When the iPod was released in 2001 it managed, through intelligent marketing and product design, to capture the imagination of consumers, and the broader market. It wasn’t the only mp3 player on the market – and still isn’t, but it enjoys the lion’s share of consumer purchases.
The iPhone, first released in 2007, brought smart phones to the consumer. While RIM, Nokia, HTC and Samsung have attractive smart phones in their own right, it is Apple that had people lining up before store openings for the launch of the recent iPhone 4 – Apple had people lining up for a phone.
Now, with the iPad, Apple is already on track to repeat this success a third time – this time taking on the netbook or lower-powered notebook market with a gadget that is sleek, sexy and works really well.
Launched just a few months ago on May 28, iPads are an increasingly common sight at airports, train stations, and lounge rooms across the country. Thanks to the Android platform and, of course, Microsoft, there are a host of rival ‘slate’ devices on the way or out already.
But the iPad is also doing something that no one else perhaps expected – its gaining traction in business. While netbooks have always had questionable applications for businesses, and minimal traction in corporates as a result, the iPad is finding a place in vertical applications from automotive (replacing car manuals with iPads) to retail POS, entertainment to mobile workforces.
Much like how the iPhone’s popularity essentially forced organisations to find it a place in the IT infrastructure, the iPad is a device that people want to take to work – the question is, is it a threat to the business of more traditional notebook vendors?
After all, it’s easy to demonstrate the increased value of a fully-featured notebook over a netbook – by definition a cheap and underpowered notebook, but the iPad – and other slate devices are just different enough to not be a ‘mini-notebook,’ but ultimately they’re competing for the same dollars.
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On the face of it, notebook vendors are not too concerned with the potential threat posed by the iPad.
“I think of the iPad as a sports car that you take on the weekend, and the notebook as the all-rounder family car,” Fujitsu PC Asia-Pacific Product Manager, Hansen Yap, said.
“I think it’s an additional market. There’s enough space for both, and it’s a good thing that Apple is helping us to educate customers that there is a really cool usage model with slate form factors.”
For individuals or organisations with large disposable incomes or large IT budgets, this might well be case, but at the same time, the cheapest model of iPad is currently $629. For the basic 3G model, which is what mobile workers or IT department would be looking at, it’s $799.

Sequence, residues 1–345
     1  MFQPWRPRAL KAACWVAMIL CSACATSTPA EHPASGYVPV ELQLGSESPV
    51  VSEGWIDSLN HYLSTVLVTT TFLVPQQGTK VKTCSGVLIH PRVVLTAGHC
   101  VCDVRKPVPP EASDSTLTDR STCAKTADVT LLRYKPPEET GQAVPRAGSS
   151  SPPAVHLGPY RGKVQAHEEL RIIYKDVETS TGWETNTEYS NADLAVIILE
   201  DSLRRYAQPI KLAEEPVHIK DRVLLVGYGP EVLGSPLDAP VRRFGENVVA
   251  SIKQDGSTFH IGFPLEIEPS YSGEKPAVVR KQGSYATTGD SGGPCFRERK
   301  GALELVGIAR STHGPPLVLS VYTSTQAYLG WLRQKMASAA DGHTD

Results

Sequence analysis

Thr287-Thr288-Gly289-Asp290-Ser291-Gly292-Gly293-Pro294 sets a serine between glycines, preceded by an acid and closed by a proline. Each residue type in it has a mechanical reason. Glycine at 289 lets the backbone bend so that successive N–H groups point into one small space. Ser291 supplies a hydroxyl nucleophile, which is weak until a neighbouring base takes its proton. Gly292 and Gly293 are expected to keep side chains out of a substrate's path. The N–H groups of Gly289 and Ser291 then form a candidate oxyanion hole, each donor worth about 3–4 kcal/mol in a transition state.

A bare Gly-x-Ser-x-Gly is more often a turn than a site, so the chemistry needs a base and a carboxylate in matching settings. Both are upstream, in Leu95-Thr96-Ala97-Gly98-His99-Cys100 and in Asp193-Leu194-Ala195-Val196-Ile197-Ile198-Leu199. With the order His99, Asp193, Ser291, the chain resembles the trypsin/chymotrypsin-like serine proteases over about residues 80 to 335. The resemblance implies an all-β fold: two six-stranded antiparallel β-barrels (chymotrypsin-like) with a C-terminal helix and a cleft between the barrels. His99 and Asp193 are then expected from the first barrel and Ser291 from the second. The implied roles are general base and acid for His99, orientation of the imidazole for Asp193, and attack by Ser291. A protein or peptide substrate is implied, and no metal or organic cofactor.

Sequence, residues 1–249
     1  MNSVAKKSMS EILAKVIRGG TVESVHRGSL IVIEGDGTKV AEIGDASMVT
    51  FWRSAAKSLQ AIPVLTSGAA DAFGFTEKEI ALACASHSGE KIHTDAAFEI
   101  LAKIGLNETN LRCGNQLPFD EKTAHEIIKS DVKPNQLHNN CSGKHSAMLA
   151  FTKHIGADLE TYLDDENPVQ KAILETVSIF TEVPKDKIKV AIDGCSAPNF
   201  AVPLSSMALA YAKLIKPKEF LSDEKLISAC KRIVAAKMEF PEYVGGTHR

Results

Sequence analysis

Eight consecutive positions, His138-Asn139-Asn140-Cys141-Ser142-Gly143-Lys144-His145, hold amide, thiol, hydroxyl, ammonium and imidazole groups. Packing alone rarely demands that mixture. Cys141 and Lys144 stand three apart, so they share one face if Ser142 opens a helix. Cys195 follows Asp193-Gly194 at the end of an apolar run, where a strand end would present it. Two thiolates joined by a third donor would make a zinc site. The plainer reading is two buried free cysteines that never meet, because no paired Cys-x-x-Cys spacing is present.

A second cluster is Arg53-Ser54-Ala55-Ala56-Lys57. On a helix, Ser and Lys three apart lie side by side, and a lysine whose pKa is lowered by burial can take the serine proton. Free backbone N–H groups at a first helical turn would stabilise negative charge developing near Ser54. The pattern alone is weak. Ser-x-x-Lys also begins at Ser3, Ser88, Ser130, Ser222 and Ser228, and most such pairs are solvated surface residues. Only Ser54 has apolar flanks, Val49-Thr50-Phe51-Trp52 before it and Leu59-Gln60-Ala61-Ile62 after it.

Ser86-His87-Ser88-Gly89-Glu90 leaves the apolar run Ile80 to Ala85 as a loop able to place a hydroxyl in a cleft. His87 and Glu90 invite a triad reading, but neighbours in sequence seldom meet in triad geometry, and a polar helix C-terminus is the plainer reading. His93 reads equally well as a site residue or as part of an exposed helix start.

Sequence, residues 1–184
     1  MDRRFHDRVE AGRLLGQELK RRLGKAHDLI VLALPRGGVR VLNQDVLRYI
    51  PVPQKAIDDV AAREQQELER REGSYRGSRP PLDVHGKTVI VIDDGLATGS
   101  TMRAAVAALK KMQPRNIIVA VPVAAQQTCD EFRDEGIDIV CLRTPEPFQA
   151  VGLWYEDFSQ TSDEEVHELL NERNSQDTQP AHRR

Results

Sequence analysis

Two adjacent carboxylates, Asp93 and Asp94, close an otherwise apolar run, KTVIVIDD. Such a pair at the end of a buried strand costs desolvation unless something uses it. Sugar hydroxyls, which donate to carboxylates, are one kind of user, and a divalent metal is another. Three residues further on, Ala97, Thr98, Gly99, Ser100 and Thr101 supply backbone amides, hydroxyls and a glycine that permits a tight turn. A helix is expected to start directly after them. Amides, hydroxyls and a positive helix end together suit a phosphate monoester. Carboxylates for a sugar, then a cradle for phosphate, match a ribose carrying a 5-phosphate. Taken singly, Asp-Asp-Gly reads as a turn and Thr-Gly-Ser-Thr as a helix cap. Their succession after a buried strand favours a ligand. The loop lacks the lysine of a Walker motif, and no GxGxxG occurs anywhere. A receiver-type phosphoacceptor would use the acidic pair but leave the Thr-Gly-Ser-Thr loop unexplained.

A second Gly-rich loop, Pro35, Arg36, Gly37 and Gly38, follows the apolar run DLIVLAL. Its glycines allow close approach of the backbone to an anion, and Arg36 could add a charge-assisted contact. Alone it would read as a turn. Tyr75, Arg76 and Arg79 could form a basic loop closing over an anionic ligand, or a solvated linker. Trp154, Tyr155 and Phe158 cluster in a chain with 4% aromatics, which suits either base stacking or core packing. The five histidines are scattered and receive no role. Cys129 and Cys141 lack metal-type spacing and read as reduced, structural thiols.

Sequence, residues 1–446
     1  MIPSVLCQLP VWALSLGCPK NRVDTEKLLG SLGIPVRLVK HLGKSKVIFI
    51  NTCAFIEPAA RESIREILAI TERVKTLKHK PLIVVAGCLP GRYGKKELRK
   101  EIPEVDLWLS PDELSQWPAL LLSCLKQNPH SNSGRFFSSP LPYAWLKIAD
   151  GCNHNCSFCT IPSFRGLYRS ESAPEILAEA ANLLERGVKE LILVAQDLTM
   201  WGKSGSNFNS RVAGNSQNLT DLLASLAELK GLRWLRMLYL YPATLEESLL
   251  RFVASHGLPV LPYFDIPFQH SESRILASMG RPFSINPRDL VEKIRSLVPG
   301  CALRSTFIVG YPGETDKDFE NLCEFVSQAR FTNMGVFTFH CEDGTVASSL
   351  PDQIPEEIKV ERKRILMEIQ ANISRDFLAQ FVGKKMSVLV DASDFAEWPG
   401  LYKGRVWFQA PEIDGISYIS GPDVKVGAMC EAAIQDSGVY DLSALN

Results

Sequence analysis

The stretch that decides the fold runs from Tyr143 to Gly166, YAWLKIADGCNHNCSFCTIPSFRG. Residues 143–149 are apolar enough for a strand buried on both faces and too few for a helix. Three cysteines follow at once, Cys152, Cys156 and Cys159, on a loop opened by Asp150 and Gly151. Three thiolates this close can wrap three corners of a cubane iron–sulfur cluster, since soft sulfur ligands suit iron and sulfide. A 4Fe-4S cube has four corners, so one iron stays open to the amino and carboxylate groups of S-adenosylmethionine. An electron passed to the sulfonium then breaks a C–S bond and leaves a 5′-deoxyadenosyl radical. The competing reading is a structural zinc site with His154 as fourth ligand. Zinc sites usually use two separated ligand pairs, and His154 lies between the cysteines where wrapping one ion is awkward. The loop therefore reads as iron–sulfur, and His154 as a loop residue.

You would have to expect that at that price, students at schools trialling the iPad won't also be getting regular notebooks. It's just as unlikely that a corporate is going to be interested in two sets of mobile rollouts and refreshes.
Then there was the report in July that found eight in 10 business professionals in the US rely on their smartphone as the primary business communication platform, and would rather give up coffee than surrender the smart phone.
The survey also indicated that 34 per cent of respondents use on the smart phone more than a PC for business computing and that seven per cent leave the laptop at home and rely purely on the smart phone when travelling.
The iPad is certainly a more attractive device for business computing than the relatively tiny smartphone. And, even as they tout the benefits of traditional notebooks, vendors are in reality not dismissing the slate market as one for the future.
Fujitsu PC, which does offer tablet computers – notebooks, but with touchable screens, said it was also exploring slates.
“We don’t have to rush to market, as we are not the first, but we are thinking about what the applications are and how customers will be using those devices – that’s important” Yap said.
Other vendors have in production (or have already released) their own take on the slate market, in an attempt to capitalise on the opportunities Apple is finding out there.
Toshiba, for instance, has the libretto W100. A dual-screen notebook, the device doesn’t feature a keyboard, relying entirely on touch inputs. It can be used as a notebook, with a virtual keyboard appearing on the bottom screen, or it can be used in ‘book’ form – an attempt to enhance the content consumption abilities that slate devices are best at.